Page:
4. 4. <ul><li>Economies of inventory management, being composed of economies of postponement and pooling, only reflect to inventories/ stock levels of a product requesting the same value-added service. Economies of postponement (centrifugal tendencies) are functions of each customer’s order cycle / customer order decoupling point , its requested service level (the probability that a demand can be met from stock) , and the equivalent demand. By contrast [I]nventory pooling economies are centripetal forces, if customer’s order cycle is bigger than logistics lead time to realize demands . If customer’s order cycle is smaller than logistics lead time the resulting force is centrifugal, hence the occurring lead-time gap consists of postponement economies. Both, [P]ooling and postponement economies , could result in safety stock savings. </li></ul><ul><li>Model Assumptions (continued) </li></ul>© Andreas Rutsch, Chemnitz University of Technology
  5. 5. <ul><li>Index set of the presented demand pattern: </li></ul><ul><li>Safety stock, if required, is being placed close to demand a,b d j,k,m : </li></ul><ul><li>Total safety stock for scenario #1 can be constituted as: </li></ul><ul><li>A Primary Use Case – Scenario #1 (benchmark) </li></ul>© Andreas Rutsch, Chemnitz University of Technology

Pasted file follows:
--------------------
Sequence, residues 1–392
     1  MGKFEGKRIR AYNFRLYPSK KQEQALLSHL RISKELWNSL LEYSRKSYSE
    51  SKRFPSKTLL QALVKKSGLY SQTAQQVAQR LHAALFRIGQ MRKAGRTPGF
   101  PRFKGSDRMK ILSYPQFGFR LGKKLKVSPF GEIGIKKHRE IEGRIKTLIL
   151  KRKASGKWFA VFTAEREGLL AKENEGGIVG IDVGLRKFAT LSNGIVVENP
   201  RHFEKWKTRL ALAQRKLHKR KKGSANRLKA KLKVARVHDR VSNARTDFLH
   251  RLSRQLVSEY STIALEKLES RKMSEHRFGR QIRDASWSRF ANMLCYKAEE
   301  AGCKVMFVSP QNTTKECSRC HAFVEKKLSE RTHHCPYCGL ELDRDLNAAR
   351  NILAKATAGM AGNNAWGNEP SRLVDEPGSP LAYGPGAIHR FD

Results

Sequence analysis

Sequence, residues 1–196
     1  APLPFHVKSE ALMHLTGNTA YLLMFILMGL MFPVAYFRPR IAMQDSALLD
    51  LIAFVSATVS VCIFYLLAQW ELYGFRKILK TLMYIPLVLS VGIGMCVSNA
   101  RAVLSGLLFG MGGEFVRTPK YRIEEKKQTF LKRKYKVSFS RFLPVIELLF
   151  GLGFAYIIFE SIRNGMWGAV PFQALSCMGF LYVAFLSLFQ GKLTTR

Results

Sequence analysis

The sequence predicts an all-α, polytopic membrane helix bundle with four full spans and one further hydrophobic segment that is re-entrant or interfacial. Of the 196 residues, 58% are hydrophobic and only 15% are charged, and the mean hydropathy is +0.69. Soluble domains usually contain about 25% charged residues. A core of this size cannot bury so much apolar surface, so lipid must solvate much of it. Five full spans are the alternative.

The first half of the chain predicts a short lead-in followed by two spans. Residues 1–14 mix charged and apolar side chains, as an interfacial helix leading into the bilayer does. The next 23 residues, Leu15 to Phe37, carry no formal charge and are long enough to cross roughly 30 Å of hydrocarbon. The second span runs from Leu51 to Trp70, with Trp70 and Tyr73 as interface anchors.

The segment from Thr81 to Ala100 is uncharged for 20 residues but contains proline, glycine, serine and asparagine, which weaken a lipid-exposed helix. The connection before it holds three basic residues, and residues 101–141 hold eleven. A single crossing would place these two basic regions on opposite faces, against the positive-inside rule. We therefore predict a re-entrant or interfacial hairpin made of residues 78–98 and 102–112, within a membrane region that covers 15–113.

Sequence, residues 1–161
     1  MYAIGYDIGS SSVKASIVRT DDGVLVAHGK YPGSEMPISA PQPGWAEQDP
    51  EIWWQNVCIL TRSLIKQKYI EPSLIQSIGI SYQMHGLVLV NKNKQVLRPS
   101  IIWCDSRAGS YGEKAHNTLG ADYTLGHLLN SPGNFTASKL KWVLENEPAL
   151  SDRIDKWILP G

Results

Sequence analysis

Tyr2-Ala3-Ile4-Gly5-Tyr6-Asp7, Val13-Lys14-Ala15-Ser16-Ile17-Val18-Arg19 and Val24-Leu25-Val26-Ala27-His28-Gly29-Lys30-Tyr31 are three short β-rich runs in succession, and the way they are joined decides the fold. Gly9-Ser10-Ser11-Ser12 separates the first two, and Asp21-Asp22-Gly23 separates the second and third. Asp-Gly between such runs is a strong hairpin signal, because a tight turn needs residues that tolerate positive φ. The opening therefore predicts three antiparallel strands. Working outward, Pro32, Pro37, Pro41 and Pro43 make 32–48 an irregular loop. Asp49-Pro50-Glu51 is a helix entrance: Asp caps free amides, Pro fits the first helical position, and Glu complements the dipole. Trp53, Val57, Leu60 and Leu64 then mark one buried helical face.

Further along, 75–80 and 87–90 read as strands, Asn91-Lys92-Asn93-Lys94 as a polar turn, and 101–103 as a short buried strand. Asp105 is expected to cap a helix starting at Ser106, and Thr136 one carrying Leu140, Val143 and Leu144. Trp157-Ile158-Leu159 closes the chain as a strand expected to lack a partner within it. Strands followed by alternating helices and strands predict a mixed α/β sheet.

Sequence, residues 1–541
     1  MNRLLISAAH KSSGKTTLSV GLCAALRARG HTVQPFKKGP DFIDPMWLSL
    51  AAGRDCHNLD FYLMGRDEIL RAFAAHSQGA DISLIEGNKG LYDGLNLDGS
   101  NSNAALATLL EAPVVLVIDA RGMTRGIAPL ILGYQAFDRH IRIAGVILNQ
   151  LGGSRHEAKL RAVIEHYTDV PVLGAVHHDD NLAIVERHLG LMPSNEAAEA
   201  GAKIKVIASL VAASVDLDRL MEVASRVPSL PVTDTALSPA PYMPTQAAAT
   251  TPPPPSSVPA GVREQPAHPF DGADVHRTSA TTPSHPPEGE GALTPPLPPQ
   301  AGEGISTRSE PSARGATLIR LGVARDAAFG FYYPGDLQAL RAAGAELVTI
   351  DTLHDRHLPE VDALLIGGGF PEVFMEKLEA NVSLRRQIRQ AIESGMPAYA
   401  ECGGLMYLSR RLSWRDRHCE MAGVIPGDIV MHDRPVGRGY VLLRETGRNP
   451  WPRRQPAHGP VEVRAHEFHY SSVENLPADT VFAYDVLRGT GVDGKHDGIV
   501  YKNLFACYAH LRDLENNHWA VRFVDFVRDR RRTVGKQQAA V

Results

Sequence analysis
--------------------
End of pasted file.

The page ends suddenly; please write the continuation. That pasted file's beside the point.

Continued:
6. 6. <ul><li>In scenario #2 inventory pooling happens as soon as possible along the value chain. Therefore, each I d = {( j , k , m )} defines a new index subset: </li></ul><ul><li>From (8) the location of stock is according to: </li></ul><ul><li>This leads to a new index set, stating the echelons where known demand can be realized at the earliest: </li></ul><ul><li>A Primary Use Case – Scenario #2 (pure pooling) </li></ul>© Andreas Rutsch, Chemnitz University of Technology
  7. 7. <ul><li>A Primary Use Case – Scenario 3 (pooling w/ postp., pure postp., postp. w/ pooling) </li></ul>© Andreas Rutsch, Chemnitz University of Technology
  8. 8. <ul><li>there are more economies of pooling than vice versa </li></ul><ul><li>slope of pure postponement for this use case is smaller for all a n than for pure pooling </li></ul><ul><li>it takes a n = 12 product options for ‘postponement with pooling’ to outpace the effect of pure pooling </li></ul><ul><li>greatest economies can be established through facilitating all options available for pooling </li></ul><ul><li>Discussion of Results </li></ul>© Andreas Rutsch, Chemnitz University of Technology
  9. 9. <ul><li>this primary use case aims to validate the initial point of a generic model </li></ul><ul><li>economies of inventory management along global value chains are not thoroughly understood yet </li></ul><ul><li>lead time reduction (not considered here) should also account for great economies and needs some further research </li></ul><ul><li>understanding the economies provides the capacity to design VAS </li></ul><ul><li>pooling and postponement can lead to a competitive edge </li></ul><ul><li>a generic model is needed which provides a general theory about occurring economies within globally dispersed value chains </li></ul><ul><li>Conclusion </li></ul>© Andreas Rutsch, Chemnitz University of Technology
  10. 10. <ul><li>Thank you for your attention. </li></ul>© Andreas Rutsch, Chemnitz University of Technology